In Triangle, Academic Glass Ceiling Has Been Shattered
Posted May 7, 2000
RALEIGH — The role of women in the business world is evolving quickly. Women are no longer limited to executive assistant. Instead, they are running corporations. Some women are making their mark on Education, right here in the Triangle.
Maureen Hartfordis making strides at Meredith College. In 108 years, the all-woman college had never been run by a woman. Last year, Hartford became the first.
Just down the road,Marye Anne Foxis also breaking new ground as the first female chancellor at N.C. State University.
Two powerful positions. Two successful women.
They are part of a growing movement -- women taking charge, redefining what it means to be a leader.
"There are so many fields that have room for growth for women in them," Hartford says.
She has been in higher education for 25 years, and admits the road to success was not always smooth.
"It is hard to put the pieces together," she acknowledges.
Finding a balance between personal and professional lives can be tough. Making others understand can be even tougher.
"They had so translated my role as a professional in this group, that they really didn't see me as someone who also had the responsibility of shopping and cooking, buying presents for family and being in that role I think women have historically been in," she says.
Hartford says she has had to give up some free time.
Calendars rule. And life with husband Jay is sometimes limited to meeting on the run.
Marye Ann Fox says she has sacrificed little raising three sons and excelling in a field largely dominated by men. Balancing the two has made her more organized and efficient.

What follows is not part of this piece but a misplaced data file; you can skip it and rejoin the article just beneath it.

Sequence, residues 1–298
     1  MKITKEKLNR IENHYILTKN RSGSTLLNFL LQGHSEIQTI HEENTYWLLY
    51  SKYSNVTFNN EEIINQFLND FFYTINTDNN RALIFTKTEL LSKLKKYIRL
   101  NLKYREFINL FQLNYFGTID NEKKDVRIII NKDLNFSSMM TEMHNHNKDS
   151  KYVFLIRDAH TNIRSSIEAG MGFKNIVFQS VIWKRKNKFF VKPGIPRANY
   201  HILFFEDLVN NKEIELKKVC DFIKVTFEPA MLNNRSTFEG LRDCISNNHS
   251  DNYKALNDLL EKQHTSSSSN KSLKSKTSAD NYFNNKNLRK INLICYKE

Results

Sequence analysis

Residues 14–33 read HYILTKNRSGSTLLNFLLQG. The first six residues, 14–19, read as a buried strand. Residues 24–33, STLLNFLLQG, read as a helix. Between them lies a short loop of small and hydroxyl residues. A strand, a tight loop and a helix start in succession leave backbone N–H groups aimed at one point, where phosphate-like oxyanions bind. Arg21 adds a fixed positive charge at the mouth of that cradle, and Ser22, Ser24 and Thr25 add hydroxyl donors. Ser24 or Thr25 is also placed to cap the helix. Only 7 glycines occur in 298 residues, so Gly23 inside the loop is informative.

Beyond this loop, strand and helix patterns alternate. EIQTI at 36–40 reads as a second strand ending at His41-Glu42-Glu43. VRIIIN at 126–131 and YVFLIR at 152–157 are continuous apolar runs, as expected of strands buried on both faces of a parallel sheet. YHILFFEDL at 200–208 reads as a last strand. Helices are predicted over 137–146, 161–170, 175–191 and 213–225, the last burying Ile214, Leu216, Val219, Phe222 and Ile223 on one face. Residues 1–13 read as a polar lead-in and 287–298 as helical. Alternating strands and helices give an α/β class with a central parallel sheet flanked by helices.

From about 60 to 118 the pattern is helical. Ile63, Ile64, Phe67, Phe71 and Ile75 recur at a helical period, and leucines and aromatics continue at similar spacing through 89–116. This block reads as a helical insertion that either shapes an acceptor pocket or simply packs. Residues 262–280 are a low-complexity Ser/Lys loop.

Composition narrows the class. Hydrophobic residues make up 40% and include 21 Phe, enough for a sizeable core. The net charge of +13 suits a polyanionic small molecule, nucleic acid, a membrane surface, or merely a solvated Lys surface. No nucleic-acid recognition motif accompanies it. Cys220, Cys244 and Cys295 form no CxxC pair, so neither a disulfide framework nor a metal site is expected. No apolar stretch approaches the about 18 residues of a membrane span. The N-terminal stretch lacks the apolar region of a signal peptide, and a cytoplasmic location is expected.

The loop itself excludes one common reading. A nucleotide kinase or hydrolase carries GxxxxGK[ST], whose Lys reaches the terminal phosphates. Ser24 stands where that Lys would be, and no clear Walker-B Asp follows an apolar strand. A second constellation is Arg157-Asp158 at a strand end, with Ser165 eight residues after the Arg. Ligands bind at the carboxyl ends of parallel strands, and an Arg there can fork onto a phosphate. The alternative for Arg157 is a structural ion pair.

"I hope it's inspirational to give the very clear answer [to] can women succeed at the very highest level. That's happening," Fox says.
And it is clearly happening in the world of higher education. There are 3,500 colleges and universities in the U.S. In 1985, there were only 350 female presidents, now there are almost double that number. Seven of those women are right here in the Triangle.
Molly Broadis president of the UNC system. Laura Bingham heads Peace College. St. Augustine's College has Diane Suber as its leader. At Louisburg College, there is Rosemary Gillet-Karam. With seven years as president of Duke University, Nan Keohane has the most experience at the top.
Why so many women in such a concentrated geographic area? Hartford believes success breeds success. She credits Keohane with opening the door.
"She did it so well, people thought 'Oh, wow. We might think about having a woman in another position,'" Hartford says.
So what is their advice to other women?
Take risks. Do not be afraid to fail. And remember to enjoy yourself along the way.
"Do what you love and be open to new possibilities and work hard at it," Hartford advises.
Both Hartford and Fox have taken up what was once thought of as a man's sport: the game of golf. They say it is a great way to network and to raise money.